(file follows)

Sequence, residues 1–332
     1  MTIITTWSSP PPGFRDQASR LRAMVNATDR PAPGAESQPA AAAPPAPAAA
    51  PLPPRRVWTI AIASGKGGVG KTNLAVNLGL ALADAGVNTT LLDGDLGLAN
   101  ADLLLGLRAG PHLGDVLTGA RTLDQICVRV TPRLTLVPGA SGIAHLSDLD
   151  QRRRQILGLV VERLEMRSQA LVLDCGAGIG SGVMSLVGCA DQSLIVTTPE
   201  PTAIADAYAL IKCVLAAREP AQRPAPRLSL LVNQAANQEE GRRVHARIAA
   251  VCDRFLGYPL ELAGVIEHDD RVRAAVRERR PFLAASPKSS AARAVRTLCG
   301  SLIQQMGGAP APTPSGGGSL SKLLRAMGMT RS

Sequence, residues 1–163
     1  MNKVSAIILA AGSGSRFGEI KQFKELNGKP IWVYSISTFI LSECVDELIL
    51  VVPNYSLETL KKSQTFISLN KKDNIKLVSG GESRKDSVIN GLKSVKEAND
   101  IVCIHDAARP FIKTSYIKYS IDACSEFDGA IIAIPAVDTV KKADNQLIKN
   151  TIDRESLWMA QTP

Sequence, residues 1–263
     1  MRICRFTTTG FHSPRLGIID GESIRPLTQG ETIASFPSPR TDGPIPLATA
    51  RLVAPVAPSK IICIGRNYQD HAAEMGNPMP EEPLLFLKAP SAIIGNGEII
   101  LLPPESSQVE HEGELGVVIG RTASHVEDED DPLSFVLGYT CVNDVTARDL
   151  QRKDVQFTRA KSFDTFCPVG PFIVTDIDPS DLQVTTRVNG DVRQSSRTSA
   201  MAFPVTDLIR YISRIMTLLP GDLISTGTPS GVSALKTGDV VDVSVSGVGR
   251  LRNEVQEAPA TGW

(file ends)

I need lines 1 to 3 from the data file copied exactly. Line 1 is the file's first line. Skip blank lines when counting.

Sequence, residues 1–332
     1  MTIITTWSSP PPGFRDQASR LRAMVNATDR PAPGAESQPA AAAPPAPAAA
    51  PLPPRRVWTI AIASGKGGVG KTNLAVNLGL ALADAGVNTT LLDGDLGLAN